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Okolona, Mississippi
A Case Study Speculating on the Possibilities

(click here for a 22 page, 1.0 mb PDF)


The Small Town Center of Mississippi State University was contacted by the National Council of Negro Women (NCNW) to develop a series of suggestions for ways to improve and re-use the Okolona Technical College site in Okolona, Mississippi. Throughout its history, the school, which was established in 1902, provided industrial training for young African-American men and women. In 1965, funding and support for Okolona College was discontinued and the school had no choice but to close its doors. The NCNW purchased the site in 1990 with dreams that training and offering educational services would once again be provided to those in need from Okolona and the surrounding region. Fifteen students in an architectural studio class, taught by Professor David Perkes, were given the opportunity to analyze the site and develop proposals to identify new ways of using the site, renovating the existing buildings, and designing new structures to be built on the site.


The students first met with Dr. Jesse Mosley, the president of the Mississippi NCNW, who described the history of the college and told them about her visions and dreams of the site's future. The students proceeded by evaluating the buildings left on the site and deciding which ones could be salvaged. Using their understanding of the site and a general program derived from meetings with members of the site committee, the students then began developing ideas on how to re-use the Okolona College site. Each student developed a series of proposals that would be developed over a number of phases. Each phase would call for specific improvements to be made, ranging from cleaning up the site to building new buildings. The following page classifies the nine site renewal stages, which have been developed into a fuller document.


View of Bratton Hall (left), McDougall Hall (right), and central Pavilion (foreground).


Uncovering a Legacy: A history of the Okolona College and its site was compiled and documented. The current mission of the NCNW was revealed helping to shape the current program needs for the site. Students spent a great deal of time on the site gaining an understanding and appreciation for its qualities and an inventory and assessment of each building was created. Mending the Site: The inventories and assessments of the existing buildings were further explored. Addressing all present hazardous conditions on the site early, both those that are hazardous now and those that pose potential threats, will help further revitalization efforts be realized more smoothly and more successfully.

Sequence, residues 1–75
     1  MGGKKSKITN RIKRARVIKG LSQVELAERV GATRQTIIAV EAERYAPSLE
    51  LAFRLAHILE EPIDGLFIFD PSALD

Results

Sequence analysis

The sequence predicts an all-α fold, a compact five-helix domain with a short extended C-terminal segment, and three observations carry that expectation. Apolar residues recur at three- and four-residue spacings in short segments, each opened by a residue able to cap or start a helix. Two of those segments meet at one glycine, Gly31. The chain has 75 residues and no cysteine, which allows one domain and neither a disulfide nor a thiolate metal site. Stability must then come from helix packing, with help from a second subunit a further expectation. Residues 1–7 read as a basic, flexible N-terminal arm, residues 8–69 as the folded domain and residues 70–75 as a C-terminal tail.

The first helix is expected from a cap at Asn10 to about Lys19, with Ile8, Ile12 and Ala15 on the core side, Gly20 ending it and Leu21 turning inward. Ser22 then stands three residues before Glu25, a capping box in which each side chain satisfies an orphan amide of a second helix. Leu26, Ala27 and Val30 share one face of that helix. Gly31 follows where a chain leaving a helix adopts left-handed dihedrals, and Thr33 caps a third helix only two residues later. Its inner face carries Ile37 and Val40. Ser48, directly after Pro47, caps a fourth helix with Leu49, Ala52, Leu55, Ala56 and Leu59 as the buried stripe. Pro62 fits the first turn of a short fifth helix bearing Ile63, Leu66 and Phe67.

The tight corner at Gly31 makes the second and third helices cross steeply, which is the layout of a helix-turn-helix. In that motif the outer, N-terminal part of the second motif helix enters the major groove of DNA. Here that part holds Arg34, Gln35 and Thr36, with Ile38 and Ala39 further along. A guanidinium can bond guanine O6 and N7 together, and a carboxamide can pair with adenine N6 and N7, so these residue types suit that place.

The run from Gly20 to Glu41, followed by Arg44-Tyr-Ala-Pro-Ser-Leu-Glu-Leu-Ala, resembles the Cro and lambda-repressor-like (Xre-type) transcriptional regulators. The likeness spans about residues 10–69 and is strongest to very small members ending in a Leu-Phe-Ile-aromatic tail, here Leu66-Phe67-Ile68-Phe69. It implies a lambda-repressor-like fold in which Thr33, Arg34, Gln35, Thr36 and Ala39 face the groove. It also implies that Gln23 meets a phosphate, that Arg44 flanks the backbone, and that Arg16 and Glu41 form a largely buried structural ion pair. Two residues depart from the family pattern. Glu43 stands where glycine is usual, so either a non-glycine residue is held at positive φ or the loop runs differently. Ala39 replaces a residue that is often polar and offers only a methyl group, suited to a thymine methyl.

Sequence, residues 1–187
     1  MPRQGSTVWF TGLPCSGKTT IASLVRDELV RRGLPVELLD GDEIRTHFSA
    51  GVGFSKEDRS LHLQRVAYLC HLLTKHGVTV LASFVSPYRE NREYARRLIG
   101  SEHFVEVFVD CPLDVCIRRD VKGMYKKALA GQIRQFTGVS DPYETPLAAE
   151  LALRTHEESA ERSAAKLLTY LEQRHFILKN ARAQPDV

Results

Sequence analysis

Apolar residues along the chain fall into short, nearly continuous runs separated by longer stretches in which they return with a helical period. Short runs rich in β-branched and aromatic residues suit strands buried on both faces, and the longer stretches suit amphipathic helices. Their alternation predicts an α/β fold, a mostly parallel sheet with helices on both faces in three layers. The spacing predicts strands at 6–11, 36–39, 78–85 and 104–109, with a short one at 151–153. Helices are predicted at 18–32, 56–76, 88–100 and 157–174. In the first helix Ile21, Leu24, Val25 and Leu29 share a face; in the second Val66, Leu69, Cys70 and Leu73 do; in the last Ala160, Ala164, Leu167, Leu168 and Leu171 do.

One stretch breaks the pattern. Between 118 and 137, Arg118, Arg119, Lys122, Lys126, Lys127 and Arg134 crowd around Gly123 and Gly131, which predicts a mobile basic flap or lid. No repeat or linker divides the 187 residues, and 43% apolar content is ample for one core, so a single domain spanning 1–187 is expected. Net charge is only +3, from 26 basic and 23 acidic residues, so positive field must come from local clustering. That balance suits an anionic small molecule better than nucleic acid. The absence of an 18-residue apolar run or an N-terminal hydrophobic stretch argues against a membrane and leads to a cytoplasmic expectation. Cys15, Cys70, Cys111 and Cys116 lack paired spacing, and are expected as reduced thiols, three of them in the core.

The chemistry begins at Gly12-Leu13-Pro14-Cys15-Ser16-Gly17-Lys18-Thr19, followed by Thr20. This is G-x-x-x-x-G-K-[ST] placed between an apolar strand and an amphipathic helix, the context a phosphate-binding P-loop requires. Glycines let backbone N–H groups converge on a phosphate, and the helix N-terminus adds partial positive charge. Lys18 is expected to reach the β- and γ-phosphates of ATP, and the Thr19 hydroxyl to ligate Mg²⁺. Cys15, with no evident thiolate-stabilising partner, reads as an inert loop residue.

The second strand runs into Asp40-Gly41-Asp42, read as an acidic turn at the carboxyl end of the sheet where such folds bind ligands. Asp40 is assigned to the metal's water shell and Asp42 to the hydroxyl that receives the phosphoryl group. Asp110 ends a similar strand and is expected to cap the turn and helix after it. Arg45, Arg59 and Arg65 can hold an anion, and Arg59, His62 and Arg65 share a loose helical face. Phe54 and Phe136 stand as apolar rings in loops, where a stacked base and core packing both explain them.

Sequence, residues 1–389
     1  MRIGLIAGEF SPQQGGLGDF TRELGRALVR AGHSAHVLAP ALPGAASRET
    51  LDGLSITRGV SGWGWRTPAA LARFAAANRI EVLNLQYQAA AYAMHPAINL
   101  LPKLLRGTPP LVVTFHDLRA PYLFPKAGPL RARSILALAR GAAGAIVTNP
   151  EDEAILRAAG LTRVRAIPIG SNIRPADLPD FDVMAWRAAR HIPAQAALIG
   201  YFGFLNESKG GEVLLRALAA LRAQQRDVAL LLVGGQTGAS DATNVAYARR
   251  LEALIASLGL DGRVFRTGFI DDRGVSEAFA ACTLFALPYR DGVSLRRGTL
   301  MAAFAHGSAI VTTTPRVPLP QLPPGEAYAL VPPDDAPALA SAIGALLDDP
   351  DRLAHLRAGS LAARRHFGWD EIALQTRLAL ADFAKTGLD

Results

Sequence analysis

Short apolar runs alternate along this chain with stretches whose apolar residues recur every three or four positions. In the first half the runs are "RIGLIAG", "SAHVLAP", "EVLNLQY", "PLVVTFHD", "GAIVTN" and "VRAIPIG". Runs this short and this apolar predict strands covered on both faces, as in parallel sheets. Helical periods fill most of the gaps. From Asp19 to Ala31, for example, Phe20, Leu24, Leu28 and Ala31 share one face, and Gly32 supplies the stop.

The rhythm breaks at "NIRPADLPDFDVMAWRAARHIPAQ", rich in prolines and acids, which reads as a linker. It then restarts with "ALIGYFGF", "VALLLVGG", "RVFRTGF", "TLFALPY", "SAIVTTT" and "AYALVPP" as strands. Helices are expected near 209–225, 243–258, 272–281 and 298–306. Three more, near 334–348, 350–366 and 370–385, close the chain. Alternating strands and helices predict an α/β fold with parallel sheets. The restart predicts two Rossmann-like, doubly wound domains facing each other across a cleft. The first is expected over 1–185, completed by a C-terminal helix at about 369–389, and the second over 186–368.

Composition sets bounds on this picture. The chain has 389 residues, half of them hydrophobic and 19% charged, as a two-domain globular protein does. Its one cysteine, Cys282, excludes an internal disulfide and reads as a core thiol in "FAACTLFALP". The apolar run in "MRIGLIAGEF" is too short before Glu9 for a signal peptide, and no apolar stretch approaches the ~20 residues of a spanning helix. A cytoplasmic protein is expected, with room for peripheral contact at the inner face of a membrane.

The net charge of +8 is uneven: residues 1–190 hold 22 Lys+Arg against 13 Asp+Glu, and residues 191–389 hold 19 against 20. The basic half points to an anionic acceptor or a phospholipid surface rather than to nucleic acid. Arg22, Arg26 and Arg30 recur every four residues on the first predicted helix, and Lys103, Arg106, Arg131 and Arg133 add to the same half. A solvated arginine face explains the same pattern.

Gaining a Foothold: What is the smallest move one might make in order to set in motion further development on this site? Better yet, what is the smallest move one might make in order to sponsor greater usefulness on the site right now? A series of proposals were brought to attention to address such issues.

Reclaiming the Site: Because of the age of the buildings at the site and because of the amount of time the buildings have been unoccupied, the overall site appears somewhat neglected. Suggestions were made to remove the unsalvageable buildings and save reusable building materials. Raising the Expectations: By this stage, it is vital to the survival of the project to find a way to make it really stand out in the town as a work that people are committed to and that other townspeople can and should become committed, also. Students made proposals for new buildings on the site in response to identified program needs.

Reactivating a Landmark: Once the NCNW Site Committee has demonstrated a commitment to this site to the surrounding community, it may be possible to rally support and funding for the renovation of a landmark, existing building. Students made proposals for renovations and additions to existing buildings to address program needs.

Broadening the Possibilities: One significant component of a campus environment is the collection of outdoor spaces for students, faculty and local townspeople to gather. With the student proposals, it is possible to imagine the site as a useful and thriving place.

Rethinking the Site: With the addition of outdoor space(s), a new building, the renovation of an existing building(s), and the other initial moves, the site will be very different than it is at this time. At this stage, it is possible to think of constructing a new building, or to think of a large-scale expansion or annex of one of the buildings that will comprise the new inventory of buildings.

Implementing a Plan: A broad view of the long-term goals is made into a series of suggestions with resources identified to act upon. First, it is important to continue to build a foundation of resources and local support. Second, steps to constantly evaluate and clarify the priorities must be made. Third, it is critical to take inventory of the existing buildings and then to stabilize them so that they are not lost to weathering. And, finally it is recommended that the NCNW Site Committee continue to actively building upon this document.


This project was funded by the Mississippi State University Office of Research. The MSU students involved were Asad Bakeer, Brian Bassett, Andrew Butler, Kimberly Crossnine, Kevin Degrauuw, Ryan Dingus, Chris Eidt, Mike Hutto, Tracey Johnson, Tammy McMahan, Tami Oddo, Jared Pierce, Arissra Stamps, Paul Waddell, and Giles Yokel. Brian Wiginton and Brian Bassett were Project Assistants. The Project Investigator was David Perkes and the Project Director was Shannon Criss.

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View of Abbott Hall from the central Pavilion.


Site plan of the campus as it existed in 1996.


A community play was performed on the porch of Abbott Hall.Students painted backdrops and installed them on the building.